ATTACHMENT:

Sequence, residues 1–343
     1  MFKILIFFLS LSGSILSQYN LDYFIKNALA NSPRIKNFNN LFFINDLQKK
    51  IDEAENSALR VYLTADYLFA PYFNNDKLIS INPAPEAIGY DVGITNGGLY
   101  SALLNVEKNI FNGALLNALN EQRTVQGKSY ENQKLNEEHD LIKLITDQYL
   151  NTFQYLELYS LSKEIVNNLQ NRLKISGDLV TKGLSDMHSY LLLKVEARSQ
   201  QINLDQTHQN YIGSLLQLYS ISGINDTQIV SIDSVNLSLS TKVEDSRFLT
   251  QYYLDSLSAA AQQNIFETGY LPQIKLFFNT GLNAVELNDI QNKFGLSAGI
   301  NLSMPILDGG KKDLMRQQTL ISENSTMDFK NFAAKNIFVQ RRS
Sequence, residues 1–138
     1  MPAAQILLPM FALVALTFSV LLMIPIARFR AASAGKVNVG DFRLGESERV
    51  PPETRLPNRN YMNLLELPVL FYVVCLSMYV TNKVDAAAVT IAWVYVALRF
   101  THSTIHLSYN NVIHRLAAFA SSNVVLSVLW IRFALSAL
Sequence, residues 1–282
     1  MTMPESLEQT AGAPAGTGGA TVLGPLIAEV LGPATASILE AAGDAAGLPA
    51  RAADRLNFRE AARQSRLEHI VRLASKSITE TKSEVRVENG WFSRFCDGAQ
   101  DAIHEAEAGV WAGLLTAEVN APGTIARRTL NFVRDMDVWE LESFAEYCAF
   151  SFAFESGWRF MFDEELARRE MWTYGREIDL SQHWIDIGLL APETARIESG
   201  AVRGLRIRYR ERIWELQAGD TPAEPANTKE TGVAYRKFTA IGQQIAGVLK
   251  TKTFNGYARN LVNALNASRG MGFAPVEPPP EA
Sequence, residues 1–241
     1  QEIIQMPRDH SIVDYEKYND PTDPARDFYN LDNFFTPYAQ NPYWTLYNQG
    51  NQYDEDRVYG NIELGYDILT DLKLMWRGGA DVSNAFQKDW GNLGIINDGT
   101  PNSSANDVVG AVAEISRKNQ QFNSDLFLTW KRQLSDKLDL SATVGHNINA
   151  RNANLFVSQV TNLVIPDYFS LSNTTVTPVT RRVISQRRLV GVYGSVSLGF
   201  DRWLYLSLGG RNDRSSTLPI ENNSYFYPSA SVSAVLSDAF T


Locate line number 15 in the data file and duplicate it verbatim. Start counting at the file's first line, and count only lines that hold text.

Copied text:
    51  RAADRLNFRE AARQSRLEHI VRLASKSITE TKSEVRVENG WFSRFCDGAQ